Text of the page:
Riding with people you’ve never met before brings a certain element of mystery. Riding skill level is different, and what one person can handle easily, another may have trouble. So my concern was maybe Sean ended up in the weeds trying to catch up to us. His DR650 was outgunned on the paved and dirt roads by the 1200’s Chris and I were on.
Chris and I hauled ass backtracking to where the dirt road met the pavement and waited. Other riders passed by, and Sean was nowhere to be seen,and no one remembered seeing him back at the previous gas stop. We figured he missed the turn to the dirt road and continued on, so we made the executive decision to carry on without him, hoping to meet up with him Salisbury.
We turned around again, and blasted down the dirt road taking us through route 3A. We rode well together, the 1200GS matching his Guzzi Stelvio nicely. Half of 3A was nice, because the paved section towards the end was miserable. I’m guessing it had to be a Conservative riding, because it was rougher than most of the dirt roads we had been on.
Next stop was the Salisbury Big Stop, which was being invaded by a hord of dirty bikers. The odd polished chromed, black leather clad Harley rider giving us a look of disgust. If only they knew how much fun getting dirty was.
Salisbury was a mandatory 30min rest stop, to refuel both bodies and bikes. Chris and I elected to go have a nice sit down meal, and be damned with the 30mins. I think I was there over an hour. For me it was a good chance to interview some riders.
Some riders reported trying 3C, and said it was totally impassable. The water crossing was way too deep. Well one team tried. The previous year’s winners, Team Maribel. They made it across, and spent two hours trying to get a flooded bike going. Nuts.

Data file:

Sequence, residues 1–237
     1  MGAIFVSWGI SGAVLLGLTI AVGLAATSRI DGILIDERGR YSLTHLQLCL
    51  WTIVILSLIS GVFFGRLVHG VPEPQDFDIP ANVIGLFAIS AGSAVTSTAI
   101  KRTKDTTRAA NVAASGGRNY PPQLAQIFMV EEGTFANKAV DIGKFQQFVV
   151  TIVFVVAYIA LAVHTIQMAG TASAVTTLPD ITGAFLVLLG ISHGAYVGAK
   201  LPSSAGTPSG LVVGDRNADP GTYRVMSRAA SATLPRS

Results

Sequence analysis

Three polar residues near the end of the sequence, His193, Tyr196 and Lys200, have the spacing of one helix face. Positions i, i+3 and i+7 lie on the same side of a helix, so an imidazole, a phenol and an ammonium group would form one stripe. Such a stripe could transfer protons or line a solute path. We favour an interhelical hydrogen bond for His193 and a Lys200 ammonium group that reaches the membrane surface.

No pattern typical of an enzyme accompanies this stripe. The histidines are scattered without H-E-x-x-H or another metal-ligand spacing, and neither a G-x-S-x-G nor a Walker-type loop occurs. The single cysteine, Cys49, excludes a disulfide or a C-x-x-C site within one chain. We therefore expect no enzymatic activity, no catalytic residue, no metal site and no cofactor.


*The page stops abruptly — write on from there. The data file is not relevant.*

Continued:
Eventually Sean showed up, no worst for wear, he had turned back to the gas stop and then missed the turn to the dirt road on the previous leg. He and Chris paired up again and continued on.
I spoke to ‘Arris on the phone, and he directed me to the mud hole at Synton Road, we thought that might be worthy of some video, and it didn’t disappoint.
I followed a large group of riders out of the Big Stop on leg 4. I remember Synton Road from last year, slippery muck and some mud puddles, and that was a dry year.
Arriving at the first mud hole, there were bikes going every which way, some coming out, some going in, some pointing sideways across the road. It made an awesome video and photo opportunity.
After a morning of deep water crossings, and stories of drowned bikes overheard at the rest stop, some riders had had enough, and a large group turned tail and buggered out, opting to take the road more traveled instead.
I confess, I did the same thing, however it was to pair up with Tammy and Eric to high speed it to Fundy to catch riders on the last C section of the day. With a heavy heart I turned around and left the mud behind.
The three of us slabbed it to the town of Alma on the Fundy Coast, and promptly proceeded to get lost, even with two GPS’s. Some minor confusion on what leg the last C route was required a call to ‘Arris at HQ.